Prerequisite: THE 121
- This variable topics course provides practical training in rehearsal, performance and production practices, including acting, stage management, and running crew. The play to be produced will be announced at registration. Enrollment is by audition only. Course may be taken up to three times for credit.
- This variable topics course provides practical training in an aspect of theatre production, such as lighting, scenic painting, or sound. The student will be introduced to the specialized tools and techniques of the topic, with an emphasis on safety. The major content of the course will focus on the needs of the current production, and the topic for each section announced at registration. May be taken for credit up to three times in three different topic areas.
Prerequisite: THE 121
- This course is designed to help students develop the skills and knowledge essential to execute stage management duties in preproduction work, rehearsal and performance of theatrical productions. Students will examine dramatic texts from the perspective of the stage manager. The stage management skills gained will also provide practical insights into many fields, including film, television, special events, and any business where timely, effective communication and coordination between groups is essential.
Prerequisite: THE 100
- Drawing from examples and occasional guest speakers from the New York theatre world, this course provides an introduction to the theory, principles and practices of theatre management. Students will create their own fictional theatre company, applying the principles of mission structure, and financial planning. Practical experience in management is gained through crew assignments. Oral and written presentations, resulting in a casework, aim to sharpen communication skills and prepare students for further study in theatre management.
Prerequisite: THE 100
- This course continues the study of methods and exercises introduced in Acting I to develop the actor's skills, and moves on to an in-depth study of scene analysis and characterization. Creating an ensemble and exposure to different historical periods will be emphasized. Prerequisite: THE 110
- This course is designed to give the student experience in all the aspects of bringing a play to production. As the play is cast, rehearsed, designed, built, advertised, and performed for an audience, students will learn about the responsibilities and collaboration between the different participants involved in theatre production. Students will have the opportunity to hone their acting skills, and must also contribute to at least one other aspect of the production.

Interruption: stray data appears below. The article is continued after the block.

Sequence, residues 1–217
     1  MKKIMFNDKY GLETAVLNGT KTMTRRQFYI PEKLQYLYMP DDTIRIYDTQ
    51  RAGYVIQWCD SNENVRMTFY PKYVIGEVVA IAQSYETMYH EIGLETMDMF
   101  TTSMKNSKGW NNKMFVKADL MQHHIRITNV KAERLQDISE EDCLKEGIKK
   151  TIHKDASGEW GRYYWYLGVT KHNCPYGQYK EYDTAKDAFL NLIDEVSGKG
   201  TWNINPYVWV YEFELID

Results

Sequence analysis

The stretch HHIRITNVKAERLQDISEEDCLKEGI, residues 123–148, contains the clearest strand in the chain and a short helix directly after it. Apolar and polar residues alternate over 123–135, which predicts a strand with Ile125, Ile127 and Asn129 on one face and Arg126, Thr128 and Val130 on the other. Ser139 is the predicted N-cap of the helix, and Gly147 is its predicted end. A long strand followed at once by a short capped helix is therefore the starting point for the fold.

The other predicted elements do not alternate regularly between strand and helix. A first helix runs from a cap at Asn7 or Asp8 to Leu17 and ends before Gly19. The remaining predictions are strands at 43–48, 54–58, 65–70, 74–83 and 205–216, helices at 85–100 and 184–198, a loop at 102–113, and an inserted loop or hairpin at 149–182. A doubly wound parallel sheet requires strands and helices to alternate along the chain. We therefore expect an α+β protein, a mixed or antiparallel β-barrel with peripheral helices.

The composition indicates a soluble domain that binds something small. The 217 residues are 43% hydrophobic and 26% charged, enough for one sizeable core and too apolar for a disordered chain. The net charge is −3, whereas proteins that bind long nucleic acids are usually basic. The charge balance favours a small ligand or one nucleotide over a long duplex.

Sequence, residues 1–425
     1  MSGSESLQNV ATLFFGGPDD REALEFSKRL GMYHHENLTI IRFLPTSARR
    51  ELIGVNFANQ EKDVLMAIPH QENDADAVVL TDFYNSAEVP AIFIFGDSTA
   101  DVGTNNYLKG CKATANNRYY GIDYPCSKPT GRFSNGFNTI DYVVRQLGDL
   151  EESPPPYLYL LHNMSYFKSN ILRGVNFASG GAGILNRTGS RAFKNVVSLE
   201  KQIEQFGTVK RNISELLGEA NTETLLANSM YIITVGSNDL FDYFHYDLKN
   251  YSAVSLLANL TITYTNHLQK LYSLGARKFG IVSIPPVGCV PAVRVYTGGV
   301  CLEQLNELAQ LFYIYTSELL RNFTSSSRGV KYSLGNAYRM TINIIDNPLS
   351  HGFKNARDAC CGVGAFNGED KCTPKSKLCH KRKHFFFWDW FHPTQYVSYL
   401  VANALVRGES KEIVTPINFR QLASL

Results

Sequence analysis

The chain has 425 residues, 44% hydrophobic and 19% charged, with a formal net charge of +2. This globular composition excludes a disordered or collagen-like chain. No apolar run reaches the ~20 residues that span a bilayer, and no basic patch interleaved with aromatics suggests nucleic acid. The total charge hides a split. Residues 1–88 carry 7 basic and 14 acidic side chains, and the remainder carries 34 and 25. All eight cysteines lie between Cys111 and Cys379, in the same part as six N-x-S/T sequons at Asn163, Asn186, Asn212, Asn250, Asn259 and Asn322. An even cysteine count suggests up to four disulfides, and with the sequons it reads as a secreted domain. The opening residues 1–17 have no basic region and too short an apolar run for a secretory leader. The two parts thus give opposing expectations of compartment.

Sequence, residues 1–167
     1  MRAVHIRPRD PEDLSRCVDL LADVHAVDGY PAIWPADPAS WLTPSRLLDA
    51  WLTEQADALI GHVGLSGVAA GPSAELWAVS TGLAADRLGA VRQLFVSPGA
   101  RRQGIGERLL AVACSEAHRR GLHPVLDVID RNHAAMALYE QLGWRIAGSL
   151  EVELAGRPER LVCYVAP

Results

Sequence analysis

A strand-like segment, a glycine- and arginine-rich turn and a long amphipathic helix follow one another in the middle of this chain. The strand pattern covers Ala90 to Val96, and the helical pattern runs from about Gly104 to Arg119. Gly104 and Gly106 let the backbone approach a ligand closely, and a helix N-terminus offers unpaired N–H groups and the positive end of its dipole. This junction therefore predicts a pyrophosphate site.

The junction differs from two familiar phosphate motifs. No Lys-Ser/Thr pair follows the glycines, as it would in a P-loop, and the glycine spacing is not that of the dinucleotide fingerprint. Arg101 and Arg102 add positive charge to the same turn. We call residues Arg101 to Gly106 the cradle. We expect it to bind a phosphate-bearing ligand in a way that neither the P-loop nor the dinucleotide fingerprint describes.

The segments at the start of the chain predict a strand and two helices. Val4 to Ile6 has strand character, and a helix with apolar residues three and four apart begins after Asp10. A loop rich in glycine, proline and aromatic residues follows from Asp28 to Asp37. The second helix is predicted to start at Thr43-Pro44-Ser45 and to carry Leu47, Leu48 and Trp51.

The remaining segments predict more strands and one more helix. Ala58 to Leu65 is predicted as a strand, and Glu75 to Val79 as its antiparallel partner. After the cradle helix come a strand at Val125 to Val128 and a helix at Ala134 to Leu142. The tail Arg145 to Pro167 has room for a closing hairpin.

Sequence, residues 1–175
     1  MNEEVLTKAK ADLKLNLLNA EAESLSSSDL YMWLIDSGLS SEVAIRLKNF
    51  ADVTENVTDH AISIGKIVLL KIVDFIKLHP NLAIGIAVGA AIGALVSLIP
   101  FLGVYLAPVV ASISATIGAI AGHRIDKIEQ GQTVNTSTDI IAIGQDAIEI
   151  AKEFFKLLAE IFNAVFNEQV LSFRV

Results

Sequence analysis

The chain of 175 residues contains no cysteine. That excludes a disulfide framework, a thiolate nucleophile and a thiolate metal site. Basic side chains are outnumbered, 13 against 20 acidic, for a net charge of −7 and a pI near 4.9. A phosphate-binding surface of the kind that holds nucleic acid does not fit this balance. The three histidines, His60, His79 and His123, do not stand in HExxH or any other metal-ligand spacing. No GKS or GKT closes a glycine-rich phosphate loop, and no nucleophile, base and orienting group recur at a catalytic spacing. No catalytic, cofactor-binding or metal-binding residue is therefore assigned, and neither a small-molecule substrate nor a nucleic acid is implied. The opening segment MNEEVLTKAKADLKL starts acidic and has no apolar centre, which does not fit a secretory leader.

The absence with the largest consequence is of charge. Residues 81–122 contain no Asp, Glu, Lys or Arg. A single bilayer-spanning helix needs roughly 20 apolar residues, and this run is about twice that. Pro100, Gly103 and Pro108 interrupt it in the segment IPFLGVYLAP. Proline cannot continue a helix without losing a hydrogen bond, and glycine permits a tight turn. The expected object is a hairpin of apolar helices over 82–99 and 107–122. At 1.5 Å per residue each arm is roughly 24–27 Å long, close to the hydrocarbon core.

Prerequisites: THE 125 or THE 126 or THE 127 or THE 128
- 3 CRS.3 HRS.NULL LAB HRS.Musical Theatre: Acting the Song, Level I (Same as MUS 222)
- This course is the first level of a two-semester sequence in musical theatre singing performance skills. Students will be introduced to acting through song, correct vocal techniques and sound production. The interpretation of lyrics as well as the understanding of character, time period and musical style will be emphasized.
Prerequisite: THE 210 and MUS 170, or permission of the instructor and admission is by audition held in Music and Art Department
- Students serve as interns for a production company in the entertainment industry. The work of the internship can include technical skills, front-of-house, marketing, performance, directing, choreography or other aspects of production, including publications and other media.
Prerequisite: THE 125 and departmental approval
- This course will train the advanced acting student in natural, proficient acting for the camera. Techniques and acting methods will be taught in BMCC's state-of-the-art studio; students will work in front of the camera and will be able to view their own performances on tape. Prerequisite: THE 210 and audition